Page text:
Vincent Rogers: Basin-Wide Fish Assessment and Community Coordination Fellow
A native of Northern California, Vincent grew up moving between the small foothill and farm towns of the North State, exploring the outdoors when and wherever possible, doing so primarily through angling. After attending the University of California, Berkeley, where he completed a BA in Geography, Vincent worked in Northern California land conservation as a Land Steward with the Sutter Buttes Regional Land Trust. More recently, as a member in the AmeriCorps Watershed Stewards Program Vincent worked at the intersection of fisheries science, watershed education, and community service, working with the staff of the Marin Municipal Water District Fishery Program monitoring the salmon and trout populations on Lagunitas Creek in West Marin, educating area classrooms, and coordinating volunteer habitat restoration events and citizen science initiatives amidst other community outreach. Excited to be back working for conservation in the region where he grew up, as the Basin-Wide Fish Assessment Fellow Vincent will be helping to steer a basin-scale assessment of native fisheries in all of the Upper Feather River Basin in an effort to produce an informed, collaborative, landscape-level restoration strategy. In addition to holding a passion for native fisheries conservation, he is an enthusiastic scholar of many subjects, a music lover, and a self-taught guitarist of over a decade. Read Vincent’s blog posts.
A native of metro Detroit, Bryce graduated with a BSE in mechanical engineering from the University of Michigan focusing on sustainable engineering principles and renewable energy. Additionally, he was a member of the Graham Sustainability Scholars Program and pursued a minor in Science, Technology and Society. He also completed the Master of Management program at the University of Michigan’s Stephen M. Ross School of Business, which mirrors the first year of an MBA. Bryce has been fortunate to study renewable energy and energy efficiency in Australia and Costa Rica, as well as conservation and resource management in Sumatra, Indonesia and the Amazon.
Bryce is really interested in how we can change our thinking about nature and the use of technology in nature. His experiences living with indigenous groups in the Amazon have led him to challenge the idea that a healthy ecosystem can only be achieved by removing humans and prohibiting any human use. But rather the importance of embracing the notion that humans can enhance or maintain biodiversity and natural resources by proper interactions that more closely mimic natural systems. As a Sierra Fellow Bryce worked with Calaveras Healthy Impact Product Solutions to help advance a bioenergy facility, increased relationships with tribal contacts, and helped to build internal organizational capacity. Read Bryce’s blog posts.
Mary Sketch: Community and Forest Restoration Fellow
Mary holds a degree in Environmental Studies from Brown University. A native of North Carolina, she grew up wandering the pine forests of her area, quickly falling in love with forestry and land management. Her interest lies at the intersection of communities and resources. She fell in love with community-based conservation through a field semester in Northwestern Montana and continued to pursue this passion at Brown. As a Sierra Fellow, Mary worked with Calaveras Healthy Impact Product Solutions to help with forest restoration efforts across the region. She helped with community outreach and recovery, and worked with landowners and environmental collaboratives to create triple-bottom-line focused plans and contracts. In her free time Mary loves running, hiking, and cooking. Mary is now pursing graduate school. Read more about Mary’s Fellowship.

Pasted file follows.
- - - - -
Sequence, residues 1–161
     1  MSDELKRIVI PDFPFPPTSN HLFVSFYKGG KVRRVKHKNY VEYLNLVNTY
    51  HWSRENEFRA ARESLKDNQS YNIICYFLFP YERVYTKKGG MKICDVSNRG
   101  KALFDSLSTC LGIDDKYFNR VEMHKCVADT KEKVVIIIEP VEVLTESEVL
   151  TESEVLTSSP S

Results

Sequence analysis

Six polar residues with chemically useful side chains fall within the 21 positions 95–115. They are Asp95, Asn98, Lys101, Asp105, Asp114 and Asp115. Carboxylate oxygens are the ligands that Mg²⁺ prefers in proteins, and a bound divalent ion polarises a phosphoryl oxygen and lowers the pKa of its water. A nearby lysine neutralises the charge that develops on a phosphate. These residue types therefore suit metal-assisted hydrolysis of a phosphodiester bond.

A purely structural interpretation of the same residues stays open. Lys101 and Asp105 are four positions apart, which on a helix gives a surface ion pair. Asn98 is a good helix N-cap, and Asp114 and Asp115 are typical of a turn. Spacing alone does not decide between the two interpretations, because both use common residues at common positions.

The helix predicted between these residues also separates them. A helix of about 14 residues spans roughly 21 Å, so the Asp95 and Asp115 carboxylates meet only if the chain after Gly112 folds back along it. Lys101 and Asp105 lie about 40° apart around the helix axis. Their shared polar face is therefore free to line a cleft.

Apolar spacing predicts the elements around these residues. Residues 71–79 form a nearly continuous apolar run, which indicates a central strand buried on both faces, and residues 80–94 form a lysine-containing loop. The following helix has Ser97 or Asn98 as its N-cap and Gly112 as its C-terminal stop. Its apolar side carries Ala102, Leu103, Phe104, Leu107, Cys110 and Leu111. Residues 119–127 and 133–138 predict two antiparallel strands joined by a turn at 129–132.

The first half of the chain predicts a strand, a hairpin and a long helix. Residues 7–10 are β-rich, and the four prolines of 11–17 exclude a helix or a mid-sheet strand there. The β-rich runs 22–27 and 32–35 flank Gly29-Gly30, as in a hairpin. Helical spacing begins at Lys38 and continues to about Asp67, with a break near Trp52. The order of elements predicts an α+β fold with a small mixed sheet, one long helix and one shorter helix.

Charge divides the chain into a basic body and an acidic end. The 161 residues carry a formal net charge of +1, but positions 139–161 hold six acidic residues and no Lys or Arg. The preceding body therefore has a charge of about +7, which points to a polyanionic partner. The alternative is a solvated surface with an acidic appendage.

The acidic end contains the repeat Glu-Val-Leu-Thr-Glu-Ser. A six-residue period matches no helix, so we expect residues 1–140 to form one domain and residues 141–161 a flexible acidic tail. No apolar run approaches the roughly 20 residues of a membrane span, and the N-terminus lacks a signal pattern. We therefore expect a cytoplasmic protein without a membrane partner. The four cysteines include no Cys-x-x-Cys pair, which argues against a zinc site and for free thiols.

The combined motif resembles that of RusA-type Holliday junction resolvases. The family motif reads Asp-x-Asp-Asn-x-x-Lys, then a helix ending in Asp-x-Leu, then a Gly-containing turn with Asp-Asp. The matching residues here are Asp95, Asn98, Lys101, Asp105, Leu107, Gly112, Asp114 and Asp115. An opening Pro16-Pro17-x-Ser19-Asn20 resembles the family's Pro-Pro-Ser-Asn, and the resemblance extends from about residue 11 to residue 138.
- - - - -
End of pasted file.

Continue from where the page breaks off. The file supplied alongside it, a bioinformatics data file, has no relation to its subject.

Robert Zellers: Bioenergy Fellow
Robert is a California native and has called the Sierra Nevada foothills his home for his entire life. He is a product of the California higher education system, beginning his academic career at Columbia College in Sonora, and then moved to Merced to study chemistry at the University of California. After earning a Bachelor of Science at UC Merced he decided to make a career change and joined the University of Nevada, Reno environmental engineering department as a graduate student. He is in the process of finishing his Masters and will graduate in Spring 2016. When he isn’t studying or working Robert likes to play guitar, act, and hike. As a Sierra Fellow Robert assisted with the planning stages of a bioenergy facility in Wilseyville, CA. This plant will utilize woody biomass harvested from overgrown forests to produce electricity, heat, and other value-added products while helping to reduce the risk of wildfires at the same time. Read Robert’s blog posts.
Courtney Gomola: Sierra Fellow
Courtney Gomola joined the Sierra Fellows Program in August 2014. An east coast native, Courtney has lived in areas throughout northern California, as well as Colorado, New York, and briefly in Montana! She recieved her Master’s degree in Ecology from Colorado State University, and has a bachelor’s in Environmental Biology from SUNY Environmental Science and Forestry.
During her Fellowship, Courtney worked with the Lake Almanor Watershed Group in facilitating their meetings and current projects. She was also active in connecting with local community members and groups to understand the challenges and concerns facing Plumas County residents in her efforts to help launch the Sierra Fellows Program and identify potential host communities and Fellowships. In addition to helping launch the Sierra Fellows Program in its inaugural year, Courtney facilitated field trips and restoration projects with the Natural Resource Academy at Greenville High School in Plumas County.